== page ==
Speaking Up for Surgical Checklists and Patient Safety

| Roxanne Blanford

Health care professionals are at risk for committing errors in patient treatment every single day.  Afterall, they're only human.  The good news is that many of these risks may be considerably reduced with the aid of surgical checklists.

There has been considerable research involving human behavior in stressful occupations. This includes aviators and pilots, high-risk investors and skyscraper builders and, more to the point, surgeons and other medical personnel. 

The implementation of surgical checklists has been shown to play a significant role in reducing complications (i.e., massive blood loss, respiratory failure, medication errors). As a safety tool to assist in standardization of protocol and to reinforce behaviors that are more predictable, checklists have now become commonplace in healthcare practice to ensure procedural compliance for the benefit of patient safety and have proven to be effective in areas such as

  • safer anesthesia management

  • airway function

  • correct surgical site/side

  • infection prevention

  • effective teamwork and communication

READ: Reducing Medical Errors with Simulation

What Is A Checklist and What Is Its Value?
A checklist is essentially a list of action items, or criteria, that are arranged in a systematic manner. The list allows the user to track, record, and/or verbally confirm adherence to procedure.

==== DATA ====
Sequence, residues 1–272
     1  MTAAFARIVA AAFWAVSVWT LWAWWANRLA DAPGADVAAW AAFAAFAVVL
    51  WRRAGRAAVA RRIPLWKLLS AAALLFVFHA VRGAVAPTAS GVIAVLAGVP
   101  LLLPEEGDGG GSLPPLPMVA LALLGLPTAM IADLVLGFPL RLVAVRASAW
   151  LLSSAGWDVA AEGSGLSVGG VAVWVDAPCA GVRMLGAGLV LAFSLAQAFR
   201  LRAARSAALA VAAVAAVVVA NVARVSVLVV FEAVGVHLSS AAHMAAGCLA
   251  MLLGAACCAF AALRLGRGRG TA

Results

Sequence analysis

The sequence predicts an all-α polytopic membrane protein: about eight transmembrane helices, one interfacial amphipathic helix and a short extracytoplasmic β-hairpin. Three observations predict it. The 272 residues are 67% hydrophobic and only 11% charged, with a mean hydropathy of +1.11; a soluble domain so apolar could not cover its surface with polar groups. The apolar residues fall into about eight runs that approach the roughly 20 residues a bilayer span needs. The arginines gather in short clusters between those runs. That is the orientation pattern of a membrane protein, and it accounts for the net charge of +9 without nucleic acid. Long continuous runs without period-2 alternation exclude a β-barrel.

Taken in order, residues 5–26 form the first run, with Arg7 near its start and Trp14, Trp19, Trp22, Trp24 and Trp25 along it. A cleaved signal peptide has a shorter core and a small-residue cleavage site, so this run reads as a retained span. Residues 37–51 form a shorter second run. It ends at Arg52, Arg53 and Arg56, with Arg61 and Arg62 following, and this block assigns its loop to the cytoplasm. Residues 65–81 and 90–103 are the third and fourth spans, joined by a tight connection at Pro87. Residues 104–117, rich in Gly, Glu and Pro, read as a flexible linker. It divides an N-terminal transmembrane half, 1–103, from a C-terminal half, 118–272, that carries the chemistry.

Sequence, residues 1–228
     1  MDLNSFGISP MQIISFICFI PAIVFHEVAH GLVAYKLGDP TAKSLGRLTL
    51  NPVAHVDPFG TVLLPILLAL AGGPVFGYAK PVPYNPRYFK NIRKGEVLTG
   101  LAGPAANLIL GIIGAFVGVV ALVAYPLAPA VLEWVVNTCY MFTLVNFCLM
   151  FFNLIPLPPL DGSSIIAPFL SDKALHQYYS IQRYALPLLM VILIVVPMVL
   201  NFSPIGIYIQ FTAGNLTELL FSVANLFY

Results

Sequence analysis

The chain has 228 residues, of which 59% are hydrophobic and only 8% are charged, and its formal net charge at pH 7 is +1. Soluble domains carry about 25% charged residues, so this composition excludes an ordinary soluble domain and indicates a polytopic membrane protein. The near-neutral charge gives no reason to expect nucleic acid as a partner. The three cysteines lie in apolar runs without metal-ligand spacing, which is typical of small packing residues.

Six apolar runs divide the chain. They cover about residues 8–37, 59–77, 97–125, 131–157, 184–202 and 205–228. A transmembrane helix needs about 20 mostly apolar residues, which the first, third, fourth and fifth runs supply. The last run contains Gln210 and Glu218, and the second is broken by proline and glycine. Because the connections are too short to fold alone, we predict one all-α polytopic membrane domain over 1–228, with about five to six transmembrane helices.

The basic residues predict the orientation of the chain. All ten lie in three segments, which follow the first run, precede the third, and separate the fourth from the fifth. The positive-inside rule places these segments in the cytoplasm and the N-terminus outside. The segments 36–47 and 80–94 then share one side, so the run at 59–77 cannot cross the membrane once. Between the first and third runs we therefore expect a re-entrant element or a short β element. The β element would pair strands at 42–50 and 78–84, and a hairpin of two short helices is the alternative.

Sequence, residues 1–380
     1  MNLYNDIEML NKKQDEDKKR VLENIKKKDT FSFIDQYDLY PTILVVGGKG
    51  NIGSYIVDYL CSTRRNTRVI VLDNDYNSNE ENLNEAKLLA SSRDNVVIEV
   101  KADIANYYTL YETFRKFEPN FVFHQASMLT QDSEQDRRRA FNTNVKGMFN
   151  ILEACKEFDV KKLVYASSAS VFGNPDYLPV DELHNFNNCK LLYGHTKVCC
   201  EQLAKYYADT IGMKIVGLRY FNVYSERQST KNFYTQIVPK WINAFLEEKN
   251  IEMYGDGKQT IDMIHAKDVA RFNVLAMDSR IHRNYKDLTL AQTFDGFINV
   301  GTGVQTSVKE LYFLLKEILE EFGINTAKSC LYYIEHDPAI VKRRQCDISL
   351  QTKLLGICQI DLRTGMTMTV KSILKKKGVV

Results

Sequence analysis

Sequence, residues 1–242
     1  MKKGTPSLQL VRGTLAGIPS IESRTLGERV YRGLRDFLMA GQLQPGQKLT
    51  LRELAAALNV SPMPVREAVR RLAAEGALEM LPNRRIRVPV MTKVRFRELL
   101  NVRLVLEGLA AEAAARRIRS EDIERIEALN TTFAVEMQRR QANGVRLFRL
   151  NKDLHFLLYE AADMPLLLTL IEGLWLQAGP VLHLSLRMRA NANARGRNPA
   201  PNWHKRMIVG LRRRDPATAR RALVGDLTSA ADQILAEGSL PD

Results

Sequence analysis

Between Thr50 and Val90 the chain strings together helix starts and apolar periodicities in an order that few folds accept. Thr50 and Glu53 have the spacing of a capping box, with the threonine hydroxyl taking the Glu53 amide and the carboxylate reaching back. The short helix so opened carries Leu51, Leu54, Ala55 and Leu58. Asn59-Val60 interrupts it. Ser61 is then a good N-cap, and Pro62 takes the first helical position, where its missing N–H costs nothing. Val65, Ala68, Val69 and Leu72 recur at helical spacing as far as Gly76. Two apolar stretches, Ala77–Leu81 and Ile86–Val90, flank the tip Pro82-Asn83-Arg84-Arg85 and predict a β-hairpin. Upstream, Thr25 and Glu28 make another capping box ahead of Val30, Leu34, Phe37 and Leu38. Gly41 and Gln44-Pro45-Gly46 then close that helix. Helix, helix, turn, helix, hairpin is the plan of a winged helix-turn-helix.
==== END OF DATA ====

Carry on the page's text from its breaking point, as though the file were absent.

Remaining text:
Checklists also help ensure that certain conditions or processes are acknowledged, considered, attended to, and/or completed according to protocol.

Checklists have been successfully utilized in aviation training to assist in the documentation of procedures. This facilitates a culture of accountability and reliability because when used properly, a checklist can:

  • aid memory and facilitate team communication

  • structure and formalize team interaction, training, workflow, and specific roles

  • aid operational efficiency and team satisfaction

  • act as a framework for skills evaluation and assessment

In medicine, checklists can provide professionals with guidance and can help to minimize patient risk.

In 2008, the World Health Organization (WHO) published a document recommending surgical checklists as a means to decrease preventable accidents during surgical procedures.  When implemented properly, the WHO Surgical Safety Checklist (available here) has been associated with reduced complications, reduced mortality rates, and better compliance with established safety standards.


What tools are you using to help  improve patient safety?

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